The first half of the second disc consists of the shortened single versions of Time Passages and Song On The Radio, and more interestingly, a set of four early demos from circa six months before the recording began. This includes yet another version of Tonton Macoute, and a track called Life In A Bottle which is a piano ballad in the style of Billy Joel. Parsons apparently rejected that one as not being as strong as other material and that was probably the right call even if it’s an enjoyable listen. The remaining two are early versions of tracks that would make the eventual album. Palace of Versailles is already very close to the eventual studio release, but the synth theme seems a little more restrained to me and if anything that improves the song. The last of the quartet is The Hollywood Sign (On St. Stephen’s Day). No, it’s not another new discovery; it is fundamentally Timeless Skies with a different lyric – set in California rather than the English village of the album version.
The second part of the second disc and all of disc three is taken up by the sixteen tracks recorded in Chicago at the WKDX radio station in October 1978 before a (necessarily small) live audience. Eight of the tracks have seen the light of day on the The Live Radio Concert Album, released the following year, but the other eight are issued for the first time here and will give fans plenty of fresh meat to tuck into. On The Border opens the set, the first of six songs from Year Of The Cat – the only missing ones are Sand In Your Shoe and Flying Sorcery (which nobody will burst into tears over, I suspect), and sadly and inexplicably Lord Grenville (to these ears, possibly the best song Stewart ever wrote). While mostly we get straight run-throughs of the songs, there’s a nice touch on Year Of The Cat which opens on piano with As Time Goes By before segueing into the main song. As Time Goes By is of course from the film Casablanca which is strongly referenced in the lyrics of Year Of The Cat. Time Passages is well represented of course with the title track reproduced very well, and both Life In Dark Water and Valentina Way having more vitality than their studio counterparts. The set is completed by a smattering of older mostly upbeat material (Sirens Of Titan from Modern Times is a highlight amongst them), and there’s fortunately space for an epic version of Roads To Moscow. It’s fair to say that Stewart is not going to rock your socks off like the Stones, but it is a fine set and Stewart takes time to introduce the songs and draw the audience in.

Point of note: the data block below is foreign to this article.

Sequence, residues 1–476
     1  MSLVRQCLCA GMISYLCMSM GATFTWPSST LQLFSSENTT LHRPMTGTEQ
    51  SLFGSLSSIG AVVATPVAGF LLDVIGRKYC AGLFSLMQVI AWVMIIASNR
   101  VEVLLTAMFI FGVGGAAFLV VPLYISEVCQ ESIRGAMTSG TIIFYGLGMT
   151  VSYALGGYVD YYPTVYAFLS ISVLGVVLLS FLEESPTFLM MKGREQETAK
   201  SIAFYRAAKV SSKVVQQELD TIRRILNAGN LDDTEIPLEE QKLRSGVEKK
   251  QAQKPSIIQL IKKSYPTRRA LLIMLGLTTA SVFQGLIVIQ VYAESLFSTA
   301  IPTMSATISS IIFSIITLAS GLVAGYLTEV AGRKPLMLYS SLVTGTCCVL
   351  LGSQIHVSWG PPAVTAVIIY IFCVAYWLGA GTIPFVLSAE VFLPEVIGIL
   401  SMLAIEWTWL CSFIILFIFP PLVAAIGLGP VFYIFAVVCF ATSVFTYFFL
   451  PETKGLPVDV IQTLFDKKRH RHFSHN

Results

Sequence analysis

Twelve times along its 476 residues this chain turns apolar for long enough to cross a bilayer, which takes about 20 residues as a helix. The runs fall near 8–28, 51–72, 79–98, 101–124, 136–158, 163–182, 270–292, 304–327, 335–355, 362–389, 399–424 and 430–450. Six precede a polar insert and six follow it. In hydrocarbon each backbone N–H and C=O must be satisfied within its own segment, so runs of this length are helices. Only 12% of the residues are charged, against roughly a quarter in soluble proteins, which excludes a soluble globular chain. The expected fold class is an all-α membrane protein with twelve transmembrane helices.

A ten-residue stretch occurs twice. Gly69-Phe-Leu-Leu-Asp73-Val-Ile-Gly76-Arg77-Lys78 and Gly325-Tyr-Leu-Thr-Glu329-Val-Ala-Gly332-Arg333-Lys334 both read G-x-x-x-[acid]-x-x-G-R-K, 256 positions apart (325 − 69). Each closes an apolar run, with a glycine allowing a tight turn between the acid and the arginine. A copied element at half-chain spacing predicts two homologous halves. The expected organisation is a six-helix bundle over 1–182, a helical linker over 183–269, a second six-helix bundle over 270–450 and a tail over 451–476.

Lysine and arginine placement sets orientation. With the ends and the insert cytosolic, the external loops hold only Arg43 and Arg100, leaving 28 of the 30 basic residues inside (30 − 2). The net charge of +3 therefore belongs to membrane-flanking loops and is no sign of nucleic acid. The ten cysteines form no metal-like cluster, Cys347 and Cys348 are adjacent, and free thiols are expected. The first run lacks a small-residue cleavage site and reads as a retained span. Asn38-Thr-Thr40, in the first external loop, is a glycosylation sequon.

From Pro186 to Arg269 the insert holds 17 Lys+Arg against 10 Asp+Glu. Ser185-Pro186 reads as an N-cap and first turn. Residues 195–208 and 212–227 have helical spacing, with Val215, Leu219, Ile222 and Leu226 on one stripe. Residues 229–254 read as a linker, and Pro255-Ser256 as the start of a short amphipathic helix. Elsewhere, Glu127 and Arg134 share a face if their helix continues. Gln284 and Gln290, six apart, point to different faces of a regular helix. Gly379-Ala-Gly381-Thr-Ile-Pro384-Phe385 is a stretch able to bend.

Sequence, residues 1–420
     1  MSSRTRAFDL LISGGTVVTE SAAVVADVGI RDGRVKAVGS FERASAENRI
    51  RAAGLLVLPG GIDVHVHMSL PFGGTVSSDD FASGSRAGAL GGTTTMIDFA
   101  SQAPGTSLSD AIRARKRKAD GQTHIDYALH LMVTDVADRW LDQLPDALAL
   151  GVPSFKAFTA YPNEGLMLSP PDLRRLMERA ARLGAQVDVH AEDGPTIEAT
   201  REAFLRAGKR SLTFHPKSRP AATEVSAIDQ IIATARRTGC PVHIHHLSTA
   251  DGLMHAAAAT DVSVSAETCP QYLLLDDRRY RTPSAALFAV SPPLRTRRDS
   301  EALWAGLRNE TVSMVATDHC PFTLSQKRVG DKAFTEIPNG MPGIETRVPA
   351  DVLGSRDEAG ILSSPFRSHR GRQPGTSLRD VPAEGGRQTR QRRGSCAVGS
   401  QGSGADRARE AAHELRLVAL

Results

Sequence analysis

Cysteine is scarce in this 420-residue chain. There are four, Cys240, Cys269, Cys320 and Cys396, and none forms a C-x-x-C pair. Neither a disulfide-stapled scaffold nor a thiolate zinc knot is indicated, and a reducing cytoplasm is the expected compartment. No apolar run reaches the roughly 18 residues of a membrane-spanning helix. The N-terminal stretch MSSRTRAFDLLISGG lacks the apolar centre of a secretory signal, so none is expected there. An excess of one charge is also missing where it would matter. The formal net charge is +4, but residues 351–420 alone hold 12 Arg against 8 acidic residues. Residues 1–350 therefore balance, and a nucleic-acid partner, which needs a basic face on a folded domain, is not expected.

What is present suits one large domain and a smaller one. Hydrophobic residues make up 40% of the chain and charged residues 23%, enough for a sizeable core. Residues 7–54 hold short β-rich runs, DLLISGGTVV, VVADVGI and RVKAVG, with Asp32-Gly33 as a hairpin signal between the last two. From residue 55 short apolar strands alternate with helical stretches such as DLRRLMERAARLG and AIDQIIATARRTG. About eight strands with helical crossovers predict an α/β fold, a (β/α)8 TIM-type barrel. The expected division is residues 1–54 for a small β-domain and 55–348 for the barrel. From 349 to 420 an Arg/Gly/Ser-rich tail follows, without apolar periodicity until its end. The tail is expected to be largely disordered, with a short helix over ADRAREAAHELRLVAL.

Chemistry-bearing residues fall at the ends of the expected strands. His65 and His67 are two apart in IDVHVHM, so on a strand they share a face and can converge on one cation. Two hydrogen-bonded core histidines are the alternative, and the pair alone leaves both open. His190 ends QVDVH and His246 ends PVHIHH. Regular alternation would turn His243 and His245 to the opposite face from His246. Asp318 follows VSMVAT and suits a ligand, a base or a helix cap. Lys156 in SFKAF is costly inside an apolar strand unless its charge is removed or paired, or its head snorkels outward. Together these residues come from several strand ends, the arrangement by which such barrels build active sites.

The deluxe version of the box set concludes with a fourth disc, which is a DVD 5:1 remix of the Time Passages album. As an alternative to this lavish four-disc set, there is a double CD format, which as well as excluding the 5:1 mix, has just six tracks from the live set – the five from Time Passages (of which, only The Palace of Versailles ticks the ‘previously unreleased’ box) and the boisterous Pink Panther Theme. Whichever version you go for, a slab of Stewart at the height of his powers is guaranteed, so sit back and enjoy a trip down those time passages back to 1978.